Carrying the child about.
Wheeling the child around.
Never watching her run across the floor.
I go to the park at various times of the day because I work shifts, and I’m often free when others are at work. I’ve been coming here a long time, and I take note of all the other people who enjoy sitting on the benches admiring the fountain and its splashing water. The sound of the water has a strangely analgesic effect. For those of us who live with pain. I don’t sleep much, and the nights are long and agonising. I try to maintain my grasp of reality, and I don’t think people notice anything peculiar about me, either here in the park or where I work at Løkka Nursing Home. My manner is calm and friendly, and I do what I’m told; I simply mimic the others who stay within the norm. It’s easy. I talk like them, laugh like them, tell funny stories. But with all the feeble elderly people under my care, things often slide out of control. Especially for those who can’t speak, or haven’t the strength to complain.
Maybe they think: I don’t want to live, I don’t want to die. Life becomes so impossible as it nears its end. They just lie there clutching at a duvet, sightless, voiceless and unable to hear. Without any desire for the dregs of life, and full of fear for death.
I like sitting in the park and watching the people. They look so vulnerable on the green benches in the sun, with their eyes fixed on the lovely fountain. Three dolphins, each spouting a jet of water from its mouth. The park is small and pretty, quite intimate in its way, but the benches are hard and have armrests of cast iron. I almost envy Miranda her wheelchair and the pillow at her back. And the rug over her legs in the evenings, when it gets chilly. Her mother chain-smokes. She throws the butt on the ground and immediately lights another, inhaling so hard her cheeks are sucked in. She, too, is fettered to that chair with its large wheels. But there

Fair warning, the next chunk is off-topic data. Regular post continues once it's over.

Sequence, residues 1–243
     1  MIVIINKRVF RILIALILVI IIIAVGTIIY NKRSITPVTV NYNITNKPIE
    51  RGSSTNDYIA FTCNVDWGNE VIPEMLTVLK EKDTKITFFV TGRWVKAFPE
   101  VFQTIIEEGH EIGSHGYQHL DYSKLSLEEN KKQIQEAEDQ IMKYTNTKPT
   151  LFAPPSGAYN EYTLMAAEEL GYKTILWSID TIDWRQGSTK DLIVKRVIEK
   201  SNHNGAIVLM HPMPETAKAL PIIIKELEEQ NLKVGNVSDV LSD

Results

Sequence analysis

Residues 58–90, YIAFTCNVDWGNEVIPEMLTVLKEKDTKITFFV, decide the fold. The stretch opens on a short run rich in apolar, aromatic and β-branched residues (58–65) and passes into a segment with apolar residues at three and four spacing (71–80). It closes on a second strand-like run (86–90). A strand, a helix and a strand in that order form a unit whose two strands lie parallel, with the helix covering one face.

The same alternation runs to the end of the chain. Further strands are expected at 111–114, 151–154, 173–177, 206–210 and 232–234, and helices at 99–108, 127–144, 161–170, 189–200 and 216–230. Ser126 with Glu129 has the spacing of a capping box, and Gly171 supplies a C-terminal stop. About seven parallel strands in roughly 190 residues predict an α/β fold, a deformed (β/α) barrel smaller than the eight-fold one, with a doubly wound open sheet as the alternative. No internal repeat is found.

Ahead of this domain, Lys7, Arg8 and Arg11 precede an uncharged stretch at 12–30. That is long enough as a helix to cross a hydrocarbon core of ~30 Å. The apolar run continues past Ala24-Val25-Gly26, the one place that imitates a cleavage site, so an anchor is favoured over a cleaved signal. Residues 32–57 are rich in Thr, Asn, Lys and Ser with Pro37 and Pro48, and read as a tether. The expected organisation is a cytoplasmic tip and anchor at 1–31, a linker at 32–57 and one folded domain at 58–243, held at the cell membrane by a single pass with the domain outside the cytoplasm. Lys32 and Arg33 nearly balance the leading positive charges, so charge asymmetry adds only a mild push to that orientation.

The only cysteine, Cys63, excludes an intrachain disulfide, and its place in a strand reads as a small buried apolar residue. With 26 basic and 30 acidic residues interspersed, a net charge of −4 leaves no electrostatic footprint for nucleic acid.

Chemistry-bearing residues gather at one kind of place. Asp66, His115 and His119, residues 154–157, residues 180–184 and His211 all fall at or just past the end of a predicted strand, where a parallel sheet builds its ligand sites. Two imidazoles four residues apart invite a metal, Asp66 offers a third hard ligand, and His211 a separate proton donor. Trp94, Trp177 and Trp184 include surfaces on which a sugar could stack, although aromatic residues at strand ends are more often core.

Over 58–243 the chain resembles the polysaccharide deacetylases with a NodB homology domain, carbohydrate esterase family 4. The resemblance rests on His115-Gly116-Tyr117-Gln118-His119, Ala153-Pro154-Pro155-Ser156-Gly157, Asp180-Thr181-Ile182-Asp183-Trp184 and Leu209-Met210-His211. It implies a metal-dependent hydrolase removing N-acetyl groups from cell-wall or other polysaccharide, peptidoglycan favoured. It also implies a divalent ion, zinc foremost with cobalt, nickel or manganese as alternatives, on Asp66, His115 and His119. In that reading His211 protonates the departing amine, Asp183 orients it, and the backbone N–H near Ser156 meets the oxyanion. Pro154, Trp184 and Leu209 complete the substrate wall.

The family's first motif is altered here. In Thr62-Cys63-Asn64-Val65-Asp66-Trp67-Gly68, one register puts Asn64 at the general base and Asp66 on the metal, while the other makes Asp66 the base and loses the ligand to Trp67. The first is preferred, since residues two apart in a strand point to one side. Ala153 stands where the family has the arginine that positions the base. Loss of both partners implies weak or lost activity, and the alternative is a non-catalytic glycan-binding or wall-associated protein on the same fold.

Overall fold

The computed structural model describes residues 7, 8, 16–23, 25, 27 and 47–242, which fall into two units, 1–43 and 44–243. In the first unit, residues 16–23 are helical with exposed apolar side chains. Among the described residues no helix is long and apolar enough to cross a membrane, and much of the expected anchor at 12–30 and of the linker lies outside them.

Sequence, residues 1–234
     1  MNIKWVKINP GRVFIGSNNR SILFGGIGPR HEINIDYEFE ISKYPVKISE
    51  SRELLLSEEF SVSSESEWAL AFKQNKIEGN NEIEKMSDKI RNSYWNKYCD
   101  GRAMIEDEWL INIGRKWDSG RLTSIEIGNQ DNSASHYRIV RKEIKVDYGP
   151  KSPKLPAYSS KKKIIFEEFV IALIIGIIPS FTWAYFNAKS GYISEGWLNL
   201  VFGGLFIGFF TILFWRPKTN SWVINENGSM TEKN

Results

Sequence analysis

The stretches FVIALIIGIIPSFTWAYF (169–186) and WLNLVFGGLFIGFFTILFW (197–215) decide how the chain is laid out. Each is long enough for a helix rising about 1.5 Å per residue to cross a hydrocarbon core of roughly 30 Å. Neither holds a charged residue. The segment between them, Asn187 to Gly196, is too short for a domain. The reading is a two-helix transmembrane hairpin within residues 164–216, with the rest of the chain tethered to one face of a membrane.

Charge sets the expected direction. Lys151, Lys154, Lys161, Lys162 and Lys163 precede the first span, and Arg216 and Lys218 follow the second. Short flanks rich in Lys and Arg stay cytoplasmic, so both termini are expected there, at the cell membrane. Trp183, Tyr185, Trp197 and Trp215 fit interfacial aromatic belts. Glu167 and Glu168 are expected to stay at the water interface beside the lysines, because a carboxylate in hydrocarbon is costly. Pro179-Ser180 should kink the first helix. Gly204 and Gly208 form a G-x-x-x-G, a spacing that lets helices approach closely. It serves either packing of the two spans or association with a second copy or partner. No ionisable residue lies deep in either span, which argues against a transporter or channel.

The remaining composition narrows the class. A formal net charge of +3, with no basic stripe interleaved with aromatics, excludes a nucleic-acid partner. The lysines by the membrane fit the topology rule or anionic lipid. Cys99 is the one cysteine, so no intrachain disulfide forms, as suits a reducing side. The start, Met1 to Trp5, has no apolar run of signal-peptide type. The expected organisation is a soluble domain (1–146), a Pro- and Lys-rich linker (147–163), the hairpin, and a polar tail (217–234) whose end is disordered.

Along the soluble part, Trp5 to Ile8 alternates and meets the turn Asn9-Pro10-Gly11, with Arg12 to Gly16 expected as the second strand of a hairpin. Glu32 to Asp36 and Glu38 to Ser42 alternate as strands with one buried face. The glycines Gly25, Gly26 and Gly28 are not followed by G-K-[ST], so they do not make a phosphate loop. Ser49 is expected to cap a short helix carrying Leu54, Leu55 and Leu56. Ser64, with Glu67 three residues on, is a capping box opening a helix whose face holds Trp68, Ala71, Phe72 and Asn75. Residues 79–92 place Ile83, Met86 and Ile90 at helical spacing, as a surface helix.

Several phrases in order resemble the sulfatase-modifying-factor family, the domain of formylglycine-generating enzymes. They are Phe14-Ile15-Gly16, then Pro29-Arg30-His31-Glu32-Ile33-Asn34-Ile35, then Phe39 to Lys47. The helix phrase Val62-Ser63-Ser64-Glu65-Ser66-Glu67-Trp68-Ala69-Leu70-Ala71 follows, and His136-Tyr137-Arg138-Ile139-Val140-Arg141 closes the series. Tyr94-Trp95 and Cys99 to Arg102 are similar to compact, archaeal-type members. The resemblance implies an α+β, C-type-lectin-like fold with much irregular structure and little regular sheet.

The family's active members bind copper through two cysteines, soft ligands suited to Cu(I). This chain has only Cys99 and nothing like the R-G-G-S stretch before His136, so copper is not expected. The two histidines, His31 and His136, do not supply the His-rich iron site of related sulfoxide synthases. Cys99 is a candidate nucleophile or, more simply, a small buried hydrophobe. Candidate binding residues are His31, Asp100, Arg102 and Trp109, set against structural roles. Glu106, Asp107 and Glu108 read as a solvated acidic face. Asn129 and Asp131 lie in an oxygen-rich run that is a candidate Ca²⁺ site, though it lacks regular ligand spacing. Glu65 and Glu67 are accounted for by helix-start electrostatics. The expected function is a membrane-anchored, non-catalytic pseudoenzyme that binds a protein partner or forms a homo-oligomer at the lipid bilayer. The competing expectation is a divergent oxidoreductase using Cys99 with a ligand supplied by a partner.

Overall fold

something between them, I think, as I watch them surreptitiously. A frail bond, because it’s needful, because they have to fulfil these roles, play this game, mother and child.
Sometimes I go to the park and find it deserted, but I love sitting there alone on my green bench. The park is my own little kingdom then, and I’m in complete control. I’m responsible for everything. I make the water tinkle, I make the flowers bloom, and if I wish, I make the birds sing. I force the wind softly through the leaves, I chase the clouds across the sky, and if I’m in a good mood, I’ll add a butterfly or a woolly bumblebee.
I think about Miranda’s mother a lot. Occasionally she glances at me, entreatingly, like a beggar.
Take me away from all these problems, the glance says. I want a different life.
That’s what everyone wants, surely.
AT THE ENTRANCE
to the park, just as you turn in along a narrow, paved path, there is a beautiful sculpture.